It’s September and the hawthorn berries are looking glorious. Plump and juicy. Time to get picking.
History and folklore
Hawthorn is ominous and magical, holy to Pagans and Christians. Scottish farmers traditionally harvest 13 weeks after the blossom scents the air. It’s gorgeous and heady. ‘Cast ne’er a clout til the May be out’ – refers to remaining dressed for winter until the mayflower (or hawthorn) blossoms. Rather wonderfully, if you have hawthorn in your perimeter hedging, it will ward off the bad faeries. And, who doesn’t need a bit of protection from them in their life!?
But what about the berries? There are a few types of hawthorn and one way to tell the difference is in the stones inside the fruit. Crataegus monogyna has a single seed, Crataegus leavigata has more and the cross between the two plants, Crataegus oxyacanthoides usually has more too. However, for once, this distinction is more important to botanists than herbalists as we can use them all. Hurrah!
Some of the best medicine comes from mixing the flowers, leaves and berries together. In order to do that, you have to pick them at different times. So, in September, it is the time of the berries. You can allow them to dry by laying them on a sheet of paper in a very dry, warm place such as an airing cupboard or use a dehydrator.
The flowers have a distinct almondy taste to them. This indicates the presence of constituents which are known to be active on the heart. Harvest these with the new leaves in May. Herbalists generally like to make two hawthorn medicines (leaf and flower / berries) and sometimes blend them together.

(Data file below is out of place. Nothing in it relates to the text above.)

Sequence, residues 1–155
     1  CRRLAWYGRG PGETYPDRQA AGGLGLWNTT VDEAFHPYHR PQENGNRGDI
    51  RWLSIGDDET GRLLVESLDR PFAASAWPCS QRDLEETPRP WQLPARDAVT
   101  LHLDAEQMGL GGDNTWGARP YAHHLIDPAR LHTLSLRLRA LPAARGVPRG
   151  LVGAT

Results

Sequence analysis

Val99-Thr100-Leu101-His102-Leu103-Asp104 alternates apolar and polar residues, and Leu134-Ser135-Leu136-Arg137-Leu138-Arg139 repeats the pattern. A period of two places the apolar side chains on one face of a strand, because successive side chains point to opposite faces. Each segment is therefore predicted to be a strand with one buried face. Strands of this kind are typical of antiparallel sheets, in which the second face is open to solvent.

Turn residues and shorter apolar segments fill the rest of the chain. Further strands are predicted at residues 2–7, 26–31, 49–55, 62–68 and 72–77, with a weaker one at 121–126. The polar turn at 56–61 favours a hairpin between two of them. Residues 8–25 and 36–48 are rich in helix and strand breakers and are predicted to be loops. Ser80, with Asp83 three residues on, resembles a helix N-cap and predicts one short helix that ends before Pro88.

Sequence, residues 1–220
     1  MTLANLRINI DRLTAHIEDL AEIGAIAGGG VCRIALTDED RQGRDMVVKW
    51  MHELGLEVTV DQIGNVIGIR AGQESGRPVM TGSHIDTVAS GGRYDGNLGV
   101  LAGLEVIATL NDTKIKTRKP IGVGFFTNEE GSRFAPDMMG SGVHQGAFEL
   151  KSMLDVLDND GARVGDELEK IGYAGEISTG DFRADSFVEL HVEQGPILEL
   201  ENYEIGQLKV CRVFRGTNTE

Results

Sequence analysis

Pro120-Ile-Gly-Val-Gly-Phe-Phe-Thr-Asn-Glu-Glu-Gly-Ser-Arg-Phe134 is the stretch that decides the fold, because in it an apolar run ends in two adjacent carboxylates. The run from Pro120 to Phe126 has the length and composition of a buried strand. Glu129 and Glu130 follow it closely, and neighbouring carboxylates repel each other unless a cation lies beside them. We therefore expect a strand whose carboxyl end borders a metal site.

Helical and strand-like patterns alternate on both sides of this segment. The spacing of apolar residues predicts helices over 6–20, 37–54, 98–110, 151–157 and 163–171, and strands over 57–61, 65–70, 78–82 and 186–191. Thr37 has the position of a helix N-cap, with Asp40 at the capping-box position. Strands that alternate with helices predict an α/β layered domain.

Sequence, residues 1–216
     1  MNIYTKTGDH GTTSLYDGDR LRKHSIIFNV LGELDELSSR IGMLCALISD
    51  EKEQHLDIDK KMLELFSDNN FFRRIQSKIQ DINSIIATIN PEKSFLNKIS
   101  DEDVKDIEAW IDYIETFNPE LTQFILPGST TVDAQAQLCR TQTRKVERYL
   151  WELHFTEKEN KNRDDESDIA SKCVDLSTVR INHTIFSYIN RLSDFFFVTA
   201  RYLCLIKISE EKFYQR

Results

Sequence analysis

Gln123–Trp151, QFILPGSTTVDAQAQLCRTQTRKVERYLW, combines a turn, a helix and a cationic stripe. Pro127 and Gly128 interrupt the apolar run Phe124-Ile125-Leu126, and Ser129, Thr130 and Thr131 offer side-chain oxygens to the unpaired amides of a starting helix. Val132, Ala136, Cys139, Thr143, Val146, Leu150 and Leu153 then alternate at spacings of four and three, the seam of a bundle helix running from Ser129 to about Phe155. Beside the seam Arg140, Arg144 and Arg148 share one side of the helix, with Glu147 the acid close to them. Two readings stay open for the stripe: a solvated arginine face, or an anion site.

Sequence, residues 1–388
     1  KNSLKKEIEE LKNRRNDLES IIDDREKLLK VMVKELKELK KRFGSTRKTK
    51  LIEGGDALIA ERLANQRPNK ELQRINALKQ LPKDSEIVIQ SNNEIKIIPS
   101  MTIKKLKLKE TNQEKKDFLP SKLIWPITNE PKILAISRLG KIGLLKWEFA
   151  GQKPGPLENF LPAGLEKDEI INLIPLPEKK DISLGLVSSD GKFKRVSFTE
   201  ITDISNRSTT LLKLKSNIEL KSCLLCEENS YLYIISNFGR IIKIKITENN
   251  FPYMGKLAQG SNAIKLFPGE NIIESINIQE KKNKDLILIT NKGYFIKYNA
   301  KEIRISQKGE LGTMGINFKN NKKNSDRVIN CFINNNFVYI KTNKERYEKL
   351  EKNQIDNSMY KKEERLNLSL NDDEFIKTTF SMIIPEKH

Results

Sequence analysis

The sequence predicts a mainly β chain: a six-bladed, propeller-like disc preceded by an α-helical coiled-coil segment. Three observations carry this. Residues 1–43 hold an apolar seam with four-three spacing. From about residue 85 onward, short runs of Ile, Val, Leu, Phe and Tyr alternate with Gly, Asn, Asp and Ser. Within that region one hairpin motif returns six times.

Why use hawthorn?
Herbalists use hawthorn for heart conditions in order to encourage a greater flow of blood through the heart, to strengthen and slow the heart beat without raising blood pressure. It is said that sportsmen use it as it may enhance exercise duration. It has a very low incidence of side effects and has no known contraindications. Always preferable in a medicine.
There are many more ways to use hawthorn which are best done with a medical herbalist. Those conditions range through arteriosclerosis, atheroma, thrombosis, angina, tachycardia, atherosclerosis and intermittent claudication. If you suffer from any of these get in touch with a herbalist and see if you work well together.
Just for fun
I made a rather tasty Hawthorn vodka (as per Sloe Gin) which has the distinct notes of almonds which indicate the presence of constituents which work with your heart. However, this is purely an occasional drink, not a medicine – there’s way too much sugar which is renowned for damaging the cardiovascular system.
Notes: None of the information included here is intended as medical advice. Please seek help from a medical herbalist when using herbs for serious, life affecting conditions. Foraging is fun so don’t forget to leave plenty behind. Pick only what you will use and pick no more than 10%. Wildlife depend on wild foods to survive.